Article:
Key Insights

  • Black-led companies in some industries are more likely to have bootstrapped founders than founders who have raised venture capital. 
  • The venture capital industry hasn’t left many Black founders with a choice to bootstrap but rather made it a necessity.
  • Only five percent of all U.S. companies launch with venture capital.


Last week an analysis that referenced Black founders left to bootstrap their operations was published, enlivening questions around the funding disparities in venture capital. The analysis examines the ways bootstrapping a business can be a privilege rather than a necessity, but nods to which category Black founders tend to find themselves in.


As the end of the year approaches we’ll no doubt be tallying how much Black founders did or didn’t get this year, as we did last year and the year before. 


While measuring this figure is helpful and can hold the venture capital community accountable for diversifying who gets funded, are we asking the right questions of this data?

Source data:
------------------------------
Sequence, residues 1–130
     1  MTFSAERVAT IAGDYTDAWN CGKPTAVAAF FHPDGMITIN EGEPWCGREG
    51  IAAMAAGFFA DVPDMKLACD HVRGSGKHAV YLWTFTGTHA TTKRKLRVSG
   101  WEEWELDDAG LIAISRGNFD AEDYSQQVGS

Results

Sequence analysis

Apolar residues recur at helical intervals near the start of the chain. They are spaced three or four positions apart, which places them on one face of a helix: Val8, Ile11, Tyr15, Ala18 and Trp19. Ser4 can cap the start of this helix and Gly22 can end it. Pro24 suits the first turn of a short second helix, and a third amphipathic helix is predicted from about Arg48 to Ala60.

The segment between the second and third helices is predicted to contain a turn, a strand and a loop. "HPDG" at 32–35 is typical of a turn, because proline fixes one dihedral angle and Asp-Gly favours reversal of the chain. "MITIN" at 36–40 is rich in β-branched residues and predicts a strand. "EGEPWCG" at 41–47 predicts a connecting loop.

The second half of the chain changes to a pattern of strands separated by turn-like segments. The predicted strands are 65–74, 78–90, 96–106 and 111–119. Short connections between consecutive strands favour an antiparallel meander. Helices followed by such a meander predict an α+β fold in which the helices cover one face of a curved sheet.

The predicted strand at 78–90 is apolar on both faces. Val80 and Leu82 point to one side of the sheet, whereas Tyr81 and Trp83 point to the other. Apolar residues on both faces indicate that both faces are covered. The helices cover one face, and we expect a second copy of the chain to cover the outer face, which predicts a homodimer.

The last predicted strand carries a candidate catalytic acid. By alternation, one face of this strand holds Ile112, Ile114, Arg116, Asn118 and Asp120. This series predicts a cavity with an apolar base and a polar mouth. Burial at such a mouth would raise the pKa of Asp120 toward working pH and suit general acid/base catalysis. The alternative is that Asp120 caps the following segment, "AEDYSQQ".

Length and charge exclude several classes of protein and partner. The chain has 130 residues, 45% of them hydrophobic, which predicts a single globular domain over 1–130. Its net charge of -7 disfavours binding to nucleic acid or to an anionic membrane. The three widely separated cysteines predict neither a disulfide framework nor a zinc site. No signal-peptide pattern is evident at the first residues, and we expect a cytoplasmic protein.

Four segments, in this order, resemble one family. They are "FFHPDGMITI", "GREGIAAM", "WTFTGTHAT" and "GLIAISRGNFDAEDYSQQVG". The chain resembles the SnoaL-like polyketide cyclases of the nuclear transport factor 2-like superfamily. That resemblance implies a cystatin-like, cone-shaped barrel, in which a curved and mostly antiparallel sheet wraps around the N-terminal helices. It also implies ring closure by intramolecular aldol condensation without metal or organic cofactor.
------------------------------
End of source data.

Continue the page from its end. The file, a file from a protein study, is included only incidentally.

The ‘how much’ question is a take that seems to get more airtime rather than the ‘why’ question. 


Beyond switching the analytical lens we use to measure Black founder’s progress in gaining venture capital from quantitative to qualitative, business publications that track Black venture dollars will do well to further contextualize this rather small avenue for capitalizing a company. 


In the U.S. around five percent of companies launch with venture capital, among them are an even smaller subset of Black-led companies. A lot of talk and commitments have been pledged to change this recently, but the tallies that are coming will tell part of the story. 


Reexamining the funding disparity issue through a wider lens could help make a way for Black founders who go the venture route as others explore more alternative funding channels and of course bootstrapping.


The staying power of the contestable racial equity movement is in flux, but it at least made venture capital question what it owns Black founders. 


Perhaps once those 2022 figures are released we’ll have an answer.